Flinn Spill Control Center


The Flinn Spill Control Center contains all the materials and equipment necessary to clean up and contain any of the following types of liquid spills—acids, bases, flammables, biohazards and nonhazards. Each E-Z pour container contains enough spill control materials to contain and clean up a 2.5-liter bottle of liquid. Please read the spill control procedures that follow for directions on how to clean up a spill.


Installation, Inspection and Maintenance

The cabinet can be placed on a countertop or hung on a wall using the included hangers. This spill control center weighs more than 40 pounds, please seek professional help installing this center on a wall. The Spill Control Center should be inspected at least once a semester. To inspect, make sure all the safety items are still in the Spill Control Center. Promptly replace any items that are missing (see Materials). During the inspection, the E-Z pour neutralizer should also be turned upside down to make sure it is still free-flowing. If the neutralizer has compacted and hardened, gently tap the container to break up the solid mass.


Replacement Materials
E-Z pour absorbent (SE104)
E-Z pour acid neutralizer (SE103)
E-Z pour sand ( SE105)
Absorbent pads, 12" x 12", package of 6 (SE121)
Biohazard spill kit (FB0061)
Counter brush (AP1228)
Dust pan (AP1662)
Nitrile gloves, acid-resistant, size 10 (AP3260)
Visor Goggles (AP1362)


Spill Control

A written contingency plan on how to handle chemical spills should be part of every school’s Chemical Hygiene Plan. The following procedure is an example of a contingency plan.

  1. Quickly assess the spill, its hazards and the danger to yourself and your students and take appropriate action. If the spilled chemicals are unknown, assume the worst and evacuate.
  2. Notify other laboratory personnel of the accident, and if necessary, evacuate the area. The safety of you and your students is always the top priority.
  3. Tend to any injured or contaminated person and if necessary request help. If the chemical is splashed into an eye or onto skin, immediately irrigate using an eyewash or shower. If the chemical is splashed on your clothes, you may have time to first contain the spill using the spill control materials and then treat yourself. Remember, if a safety shower is used near a chemical spill, the water may expand the spill area.
  4. Take steps to contain and limit the spill if this can be done without risk of injury or contamination.
  5. Clean up the spill using the appropriate procedures for the spilled material. Dispose of contaminated materials properly.
  6. Call in emergency personnel if at any time your safety or your students’ safety is in jeopardy.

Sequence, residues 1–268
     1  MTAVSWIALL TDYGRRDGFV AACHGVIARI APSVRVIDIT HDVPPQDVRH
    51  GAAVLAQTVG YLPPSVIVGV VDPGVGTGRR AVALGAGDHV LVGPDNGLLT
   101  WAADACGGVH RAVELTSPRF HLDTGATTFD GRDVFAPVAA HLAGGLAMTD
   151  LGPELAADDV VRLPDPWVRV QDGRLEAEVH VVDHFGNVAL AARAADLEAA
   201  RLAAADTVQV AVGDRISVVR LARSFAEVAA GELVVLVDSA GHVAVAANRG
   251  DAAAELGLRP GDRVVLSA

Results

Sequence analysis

To contain and control a chemical spill, the following procedure works well.
  1. Gently pour sand around the spill and onto the spill. The sand will contain the spill, prevent it from spreading and also provide traction to walk over it, if necessary.
  2. Next, pour absorbent (kitty litter, oil absorbent) around the spill and onto the spill. This will absorb the liquid and also begin to contain any vapors. For both the absorbent and sand, it is best to gently drop or sprinkle the spill control material around the spill and then onto the spill to avoid spreading the spill.
  3. Finally, if the spill is a concentrated inorganic acid, apply the acid neutralizer around the spill and onto the spill. The neutralizer needs to be mixed well with the sand and absorbent to come in contact with all of the spilled chemical—use a plastic broom to mix well. If the spill is a diluted acid, the sand/absorbent mixture may be sufficient to contain the spill.
  4. After the spill is controlled, students are evacuated, and injuries are addressed, then the cleanup begins. If the material is warm or still giving off vapors, ventilate the room and wait before cleaning up.
  5. Use a plastic dustpan and plastic broom to sweep up the now neutralized solid materials and place them into large, heavy-duty garbage or leaf bags for disposal. If at any time during the chemical spill containment or cleanup step you don’t feel comfortable, leave the area and get help. The neutralized materials should be able to be disposed of in the trash—check with local authorities.
  6. Thoroughly wash the contaminated area with water and allow it to air dry.


Make spill control containment and cleanup part of your department’s annual safety training. Simulate a chemical spill with water and use sand as the control material. Note how quickly the “spill” spreads. Practice applying the spill control material around and then onto the spill. Determine the most convenient location for storing the spill control materials. Training is one of the most important components of an effective safety program. 

Chemical spills will occur in the laboratory. With proper equipment, procedures and training, many spills can be prevented and the spills that do occur can be handled safely and effectively.

Next Generation Science Standards and NGSS are registered trademarks of Achieve. Neither Achieve nor the lead states and partners that developed the Next Generation Science Standards were involved in the production of this product, and do not endorse it.